Another in our series of new transcriptions of contemporary articles on the Leo Frank case.
August 5th, 1913
By JAMES B. NEVIN.
Black and sinister, depressing in its every aspect and horrible in its gloom, the testimony of Jim Conley in the Frank case was given to the court and the jury under direct examination Monday.
The shadow of the negro had loomed like a frightful cloud over the courtroom for days—the negro himself came into the case Monday. And he came into it in an awful and unspeakably sensational way!
The public was prepared for most that Conley said—it was not quite prepared for all he said.
The State, in its direct examination of Conley, climaxed its case against Frank most thrillingly and most abhorrently. If that climax is not rendered impossible, ridiculous absurd by the defense, then the young factory superintendent is doomed.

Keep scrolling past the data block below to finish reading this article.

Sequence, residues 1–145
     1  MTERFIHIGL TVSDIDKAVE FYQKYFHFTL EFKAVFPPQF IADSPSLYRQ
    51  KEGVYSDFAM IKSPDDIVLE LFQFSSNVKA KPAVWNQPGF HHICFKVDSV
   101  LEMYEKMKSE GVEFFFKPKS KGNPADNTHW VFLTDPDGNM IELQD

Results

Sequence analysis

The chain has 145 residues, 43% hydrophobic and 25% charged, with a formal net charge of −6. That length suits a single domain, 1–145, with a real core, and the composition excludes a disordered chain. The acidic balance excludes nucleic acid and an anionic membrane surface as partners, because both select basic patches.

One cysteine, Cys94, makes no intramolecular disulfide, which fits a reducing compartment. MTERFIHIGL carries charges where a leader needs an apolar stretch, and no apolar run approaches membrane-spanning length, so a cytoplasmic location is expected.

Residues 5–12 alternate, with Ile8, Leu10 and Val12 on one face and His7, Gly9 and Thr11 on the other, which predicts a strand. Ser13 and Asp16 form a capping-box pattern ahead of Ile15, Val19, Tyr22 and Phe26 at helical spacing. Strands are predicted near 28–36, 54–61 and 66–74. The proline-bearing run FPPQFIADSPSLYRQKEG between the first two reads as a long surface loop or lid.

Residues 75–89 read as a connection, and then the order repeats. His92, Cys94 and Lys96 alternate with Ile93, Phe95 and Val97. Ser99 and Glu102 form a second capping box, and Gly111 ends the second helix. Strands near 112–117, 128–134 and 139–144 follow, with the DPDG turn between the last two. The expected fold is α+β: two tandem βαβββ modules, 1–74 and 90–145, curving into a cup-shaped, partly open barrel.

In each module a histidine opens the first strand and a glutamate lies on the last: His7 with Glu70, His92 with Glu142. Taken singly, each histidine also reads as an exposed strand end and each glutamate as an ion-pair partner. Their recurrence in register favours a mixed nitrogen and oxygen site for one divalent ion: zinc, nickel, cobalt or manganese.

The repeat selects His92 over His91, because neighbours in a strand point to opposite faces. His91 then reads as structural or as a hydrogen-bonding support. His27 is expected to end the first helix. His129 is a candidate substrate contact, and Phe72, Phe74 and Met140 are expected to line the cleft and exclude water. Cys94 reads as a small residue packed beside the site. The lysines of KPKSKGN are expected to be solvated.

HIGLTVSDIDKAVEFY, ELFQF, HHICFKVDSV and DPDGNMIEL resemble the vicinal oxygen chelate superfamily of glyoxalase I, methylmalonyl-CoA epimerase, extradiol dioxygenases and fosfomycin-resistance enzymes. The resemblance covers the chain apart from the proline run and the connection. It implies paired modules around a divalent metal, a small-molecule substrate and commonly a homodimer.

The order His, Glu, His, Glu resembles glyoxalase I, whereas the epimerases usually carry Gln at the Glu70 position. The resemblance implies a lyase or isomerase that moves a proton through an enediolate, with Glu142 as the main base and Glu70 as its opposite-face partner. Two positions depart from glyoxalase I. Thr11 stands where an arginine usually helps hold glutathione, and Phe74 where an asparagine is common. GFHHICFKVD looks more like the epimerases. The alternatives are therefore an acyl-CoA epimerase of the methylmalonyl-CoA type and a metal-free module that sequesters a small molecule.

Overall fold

It is, indeed, now a battle to the death—and to worse than the death!
Either it is Leo Frank’s life or Jim Conley’s life that must pay the forfeit of Mary Phagan’s untimely and tragically miserable end!
Can the negro’s story be broken down?
Either it is a pack of horrible and monstrously grotesque lies, or it is a horrible and monstrous recital of truth.
Which is it?
That is the problem that MUST be solved—that is the puzzle that MUST be unraveled, if it be so that “truth is mighty and will prevail!”
Burden Falls on Rosser.
And into the hands of one man—Luther Z. Rosser—has been intrusted the responsibility of breaking it down so completely that Leo Frank may go forth from that stuffy little courtroom a free man, enjoying again even a measure of the respect and esteem of his fellow men.
Within the massive head of Rosser alone is the mental machinery moving now to free Frank. Rosser is conducting the cross-examination of Conley. He is a pastmaster in the art of examining witnesses.